We stood there and talked for a few minutes. He actually kind of reminded me of my Dad. I felt like maybe that’s what God wanted me to see that night. That these people are just like us, but handed different cards in the game of life. It’s not a game though, it’s real. We all take different journeys with different heartaches, struggles, trials. This man was needing prayer for his health, nothing he knew of was wrong but I think he just needed to stay healthy for his own sake, to continue to provide for himself. He had a job but he wasn’t working much and staying at the shelter because at that present time he couldn’t afford to live anywhere. He was looking into a job at Goodwill and needed prayer for that to work out – or that something better than where he was presently at would come along.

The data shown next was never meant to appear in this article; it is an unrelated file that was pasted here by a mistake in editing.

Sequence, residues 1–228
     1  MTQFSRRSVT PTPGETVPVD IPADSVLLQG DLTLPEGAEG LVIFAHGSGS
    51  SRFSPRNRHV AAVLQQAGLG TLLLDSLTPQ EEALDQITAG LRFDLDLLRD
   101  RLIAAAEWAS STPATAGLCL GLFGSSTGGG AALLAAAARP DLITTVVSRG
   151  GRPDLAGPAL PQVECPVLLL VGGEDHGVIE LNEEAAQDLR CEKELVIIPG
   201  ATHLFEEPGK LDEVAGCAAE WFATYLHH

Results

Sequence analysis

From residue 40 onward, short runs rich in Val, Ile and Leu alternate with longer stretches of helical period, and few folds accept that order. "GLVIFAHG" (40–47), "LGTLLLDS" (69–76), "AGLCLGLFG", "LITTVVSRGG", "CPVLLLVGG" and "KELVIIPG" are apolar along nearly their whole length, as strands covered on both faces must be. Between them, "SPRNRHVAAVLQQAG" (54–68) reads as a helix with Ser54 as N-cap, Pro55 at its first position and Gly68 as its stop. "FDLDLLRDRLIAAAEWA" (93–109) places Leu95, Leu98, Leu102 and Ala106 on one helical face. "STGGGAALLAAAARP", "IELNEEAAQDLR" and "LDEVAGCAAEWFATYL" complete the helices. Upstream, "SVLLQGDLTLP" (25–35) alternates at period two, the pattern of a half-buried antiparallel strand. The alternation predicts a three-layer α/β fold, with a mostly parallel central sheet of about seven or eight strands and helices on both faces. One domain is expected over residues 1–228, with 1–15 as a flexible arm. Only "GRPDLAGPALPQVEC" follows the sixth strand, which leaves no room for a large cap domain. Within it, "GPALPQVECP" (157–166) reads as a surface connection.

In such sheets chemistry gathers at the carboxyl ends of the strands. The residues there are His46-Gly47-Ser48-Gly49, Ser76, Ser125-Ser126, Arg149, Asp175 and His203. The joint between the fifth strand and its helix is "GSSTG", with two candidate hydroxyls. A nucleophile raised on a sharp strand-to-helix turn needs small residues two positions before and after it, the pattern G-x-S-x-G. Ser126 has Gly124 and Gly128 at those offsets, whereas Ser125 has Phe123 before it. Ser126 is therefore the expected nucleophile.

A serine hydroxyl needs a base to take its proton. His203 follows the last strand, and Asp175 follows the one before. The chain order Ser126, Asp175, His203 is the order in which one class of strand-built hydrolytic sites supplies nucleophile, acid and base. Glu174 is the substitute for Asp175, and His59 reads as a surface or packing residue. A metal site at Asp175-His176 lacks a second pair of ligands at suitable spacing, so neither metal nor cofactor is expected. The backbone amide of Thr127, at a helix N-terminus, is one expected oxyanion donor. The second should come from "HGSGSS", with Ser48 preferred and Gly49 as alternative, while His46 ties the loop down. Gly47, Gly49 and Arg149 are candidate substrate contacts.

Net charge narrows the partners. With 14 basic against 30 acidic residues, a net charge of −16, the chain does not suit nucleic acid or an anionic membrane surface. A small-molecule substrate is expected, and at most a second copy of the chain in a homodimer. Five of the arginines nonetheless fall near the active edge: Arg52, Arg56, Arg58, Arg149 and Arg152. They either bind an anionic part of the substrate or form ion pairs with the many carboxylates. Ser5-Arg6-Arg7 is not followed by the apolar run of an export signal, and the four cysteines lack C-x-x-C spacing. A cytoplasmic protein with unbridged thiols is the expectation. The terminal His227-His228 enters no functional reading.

He had a necklace that I recognized at the time but have since forgotten the specifics of, and that spurred us to ask about it. It was something I had seen around Alcoholics Anonymous (AA) meetings. This man said that he had 18 years of sobriety! I was proud of him. At Dad’s passing he had over 21 years. A part of me wonders if Dad knew him from meetings at some point. That would have been cool.
He was a great man to talk to – he was kind and ambitious, I could tell. I know that if he had the resources, he would be there with us helping the other homeless people, but honestly, he could minister to those other people with his testimony. So that’s something to think about, too. I hope and pray that this man we met would be taken care of by our community and that God would provide that next job opportunity for him to be able to be on our side of this outreach someday soon.